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Of the trio of recent Severin Films horror DVD releases, the most interesting and cult-ish of the bunch is The Baby.  This underrated gem was released on VHS back in the day and has been in and out circulation in recent years since it was released on a now out-of-print disc from Image.  That transfer has been revived by a few grey-market outfits, none of them ever improving on its decent presentation of this film.  Thankfully, this new Severin disc not only does justice to this film from an A/V standpoint, it also throws in a few cool extras for additional value.

Severin’s edition of The Baby offers a fresh HD transfer of the film, presented in an anamorphically enhanced 1.78:1 ratio.  The earlier, oft-recycled Image transfer was a full-frame affair so owners of widescreen t.v.’s will appreciate the anamorphic upgrade it gets here.  Simply put, this new disc looks gorgeous: the detail is sharp and the early 1970’s color scheme have an appropriately vivid, earthy look.  Unless Severin releases a blu-ray of this title at some point, this is probably the best this film will look on home video.  The mono soundtrack is maintained for this transfer and it has a nice, crisp sound to it.

Severin has also assembled a few unexpected extras for this title.  The first is an audio interview with David Mooney, a.k.a. David Manzy – the actor who played the title role.  He’s both informative and genial as he discusses how he got the role, what it was like to work with the actresses and how people have responded to the film over the years.  The only quibble with this engaging segment is that it cuts off in the middle of a story at its close.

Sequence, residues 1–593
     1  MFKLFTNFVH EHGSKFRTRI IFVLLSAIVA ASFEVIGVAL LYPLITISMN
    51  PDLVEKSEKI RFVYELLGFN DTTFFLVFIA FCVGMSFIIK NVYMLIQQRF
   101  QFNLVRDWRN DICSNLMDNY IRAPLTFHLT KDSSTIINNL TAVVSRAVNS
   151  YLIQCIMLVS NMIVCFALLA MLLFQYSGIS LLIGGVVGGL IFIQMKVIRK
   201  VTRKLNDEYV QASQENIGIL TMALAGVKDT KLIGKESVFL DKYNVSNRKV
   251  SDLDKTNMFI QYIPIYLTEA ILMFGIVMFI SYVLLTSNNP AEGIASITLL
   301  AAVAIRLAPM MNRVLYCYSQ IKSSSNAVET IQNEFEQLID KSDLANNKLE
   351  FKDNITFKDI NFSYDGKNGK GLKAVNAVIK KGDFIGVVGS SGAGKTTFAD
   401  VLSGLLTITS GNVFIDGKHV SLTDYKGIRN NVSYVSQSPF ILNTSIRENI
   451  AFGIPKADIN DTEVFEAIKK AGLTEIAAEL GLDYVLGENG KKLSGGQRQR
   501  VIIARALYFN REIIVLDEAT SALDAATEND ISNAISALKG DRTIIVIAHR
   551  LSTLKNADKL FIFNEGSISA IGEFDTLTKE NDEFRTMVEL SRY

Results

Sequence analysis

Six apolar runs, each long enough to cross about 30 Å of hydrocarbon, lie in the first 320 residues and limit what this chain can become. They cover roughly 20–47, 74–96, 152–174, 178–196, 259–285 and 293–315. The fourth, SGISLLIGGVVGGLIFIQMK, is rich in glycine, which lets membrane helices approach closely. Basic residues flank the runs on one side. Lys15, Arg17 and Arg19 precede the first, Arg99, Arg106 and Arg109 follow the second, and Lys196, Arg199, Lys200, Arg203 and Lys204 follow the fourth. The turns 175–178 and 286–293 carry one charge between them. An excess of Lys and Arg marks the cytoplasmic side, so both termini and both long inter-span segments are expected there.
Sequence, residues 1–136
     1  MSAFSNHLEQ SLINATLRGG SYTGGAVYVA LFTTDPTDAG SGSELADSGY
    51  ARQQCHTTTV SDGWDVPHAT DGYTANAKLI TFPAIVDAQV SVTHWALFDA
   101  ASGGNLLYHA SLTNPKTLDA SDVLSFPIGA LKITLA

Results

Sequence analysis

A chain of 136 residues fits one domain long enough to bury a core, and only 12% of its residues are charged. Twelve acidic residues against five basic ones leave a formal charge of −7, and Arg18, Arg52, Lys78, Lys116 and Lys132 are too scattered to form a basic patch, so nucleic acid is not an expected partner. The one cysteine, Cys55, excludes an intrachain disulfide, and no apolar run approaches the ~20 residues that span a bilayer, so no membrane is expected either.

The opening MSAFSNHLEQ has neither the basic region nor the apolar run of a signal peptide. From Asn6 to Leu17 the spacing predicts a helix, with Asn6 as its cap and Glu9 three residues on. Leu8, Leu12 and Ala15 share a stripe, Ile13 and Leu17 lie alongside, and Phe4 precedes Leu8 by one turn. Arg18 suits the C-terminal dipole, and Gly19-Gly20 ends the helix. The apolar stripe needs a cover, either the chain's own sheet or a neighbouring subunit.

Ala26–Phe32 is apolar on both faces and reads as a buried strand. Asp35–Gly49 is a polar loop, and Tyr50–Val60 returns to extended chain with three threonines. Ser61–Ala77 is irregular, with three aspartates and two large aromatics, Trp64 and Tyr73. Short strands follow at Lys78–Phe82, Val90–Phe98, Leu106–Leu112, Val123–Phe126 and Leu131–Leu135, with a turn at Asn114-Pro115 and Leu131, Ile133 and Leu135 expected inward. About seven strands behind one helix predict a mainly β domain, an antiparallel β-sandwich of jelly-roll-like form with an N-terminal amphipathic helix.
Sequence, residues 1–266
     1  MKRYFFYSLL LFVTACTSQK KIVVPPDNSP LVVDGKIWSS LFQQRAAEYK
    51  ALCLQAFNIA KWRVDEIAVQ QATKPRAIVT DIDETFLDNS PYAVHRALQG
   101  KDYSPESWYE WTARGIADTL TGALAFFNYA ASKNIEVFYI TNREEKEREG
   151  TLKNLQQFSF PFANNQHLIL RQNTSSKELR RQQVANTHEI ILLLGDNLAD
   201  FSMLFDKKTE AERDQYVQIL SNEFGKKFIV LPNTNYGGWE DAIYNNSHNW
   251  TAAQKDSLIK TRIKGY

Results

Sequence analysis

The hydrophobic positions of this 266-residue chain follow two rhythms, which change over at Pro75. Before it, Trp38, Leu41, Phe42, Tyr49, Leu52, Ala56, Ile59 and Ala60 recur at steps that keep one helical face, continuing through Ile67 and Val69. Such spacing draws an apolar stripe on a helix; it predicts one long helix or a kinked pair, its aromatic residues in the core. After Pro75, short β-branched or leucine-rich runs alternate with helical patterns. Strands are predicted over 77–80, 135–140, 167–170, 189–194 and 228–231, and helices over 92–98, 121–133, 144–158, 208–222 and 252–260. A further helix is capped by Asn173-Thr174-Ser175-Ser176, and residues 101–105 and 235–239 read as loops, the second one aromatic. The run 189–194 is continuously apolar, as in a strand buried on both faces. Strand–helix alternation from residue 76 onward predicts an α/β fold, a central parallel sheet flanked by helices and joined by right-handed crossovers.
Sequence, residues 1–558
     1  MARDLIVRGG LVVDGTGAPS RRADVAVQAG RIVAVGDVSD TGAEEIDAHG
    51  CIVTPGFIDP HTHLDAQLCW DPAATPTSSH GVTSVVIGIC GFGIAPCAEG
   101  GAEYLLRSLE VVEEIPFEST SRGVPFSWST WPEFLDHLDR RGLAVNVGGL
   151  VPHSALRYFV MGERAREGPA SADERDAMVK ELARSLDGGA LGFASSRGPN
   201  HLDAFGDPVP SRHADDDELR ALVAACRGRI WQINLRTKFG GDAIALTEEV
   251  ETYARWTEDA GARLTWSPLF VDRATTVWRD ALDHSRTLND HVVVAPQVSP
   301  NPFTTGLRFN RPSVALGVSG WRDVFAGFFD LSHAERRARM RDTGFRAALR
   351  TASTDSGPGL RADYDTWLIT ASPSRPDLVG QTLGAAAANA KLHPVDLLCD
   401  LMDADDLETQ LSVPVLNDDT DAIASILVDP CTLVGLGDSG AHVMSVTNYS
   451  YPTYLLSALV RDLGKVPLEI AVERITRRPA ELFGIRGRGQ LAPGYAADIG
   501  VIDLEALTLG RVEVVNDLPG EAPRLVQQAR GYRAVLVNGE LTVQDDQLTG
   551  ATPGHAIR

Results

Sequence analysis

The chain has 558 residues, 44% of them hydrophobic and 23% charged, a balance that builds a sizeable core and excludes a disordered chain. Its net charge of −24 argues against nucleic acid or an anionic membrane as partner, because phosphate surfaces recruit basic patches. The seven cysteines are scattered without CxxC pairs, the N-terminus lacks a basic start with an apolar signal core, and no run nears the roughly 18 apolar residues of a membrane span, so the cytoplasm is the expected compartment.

There is also an audio interview with director Ted Post, conducted via phone by documentarian Elijah Drenner.  If you ever wondered how this mainstream director of t.v. and films got involved with such an odd indie project, you’ll get your questions answered via this chat.  Post freely admits that the writer/producer of the film had to work on him for a year to talk him into doing the film and discusses how he formulated his take on the film’s characters and psychology.  Post is a lively and opinionated speaker so the result is a pretty engaging listen.

The package of extras is rounded out by a set of trailers.  The first is a memorable hard-sell for The Baby: newbies should watch this after the film as it gives away some key plot points but fans of exploitation film trailers will be amused by its gleefully lurid approach.  There’s also a trio of trailers for other Severin horror releases – one of them is a memorably unhinged trailer for the Italian flick In The Folds Of The Flesh.

To sum up, this disc not only offers a great new transfer but also a few cool extras that shed light on the film’s mysterious history.  It’s also got a nice catalog title-level price so horror fans have no excuse to buy a grey market edition over this.  Simply put, this new edition of The Baby is the version to get.

Blu-Ray Update, 7/2014: Severin has taken their quality release of The Baby to the next level by reissuing it on blu-ray.  The high-definition transfer looks very good here: though the black levels might feel a little pale, this transfer handles the frequent night scenes and dark interiors beautifully and perks up the colors in a few key spots (most noticeably Baby’s birthday party).  The celluloid texture is retained without being overbearing and the lossless mono mix that accompanies this transfer sounds robust, particularly in its use of Gerald Fried’s score.  The extras from the DVD are carried over.  All in all, a worthy high-def upgrade for lovers of ’70s bizarro cinema.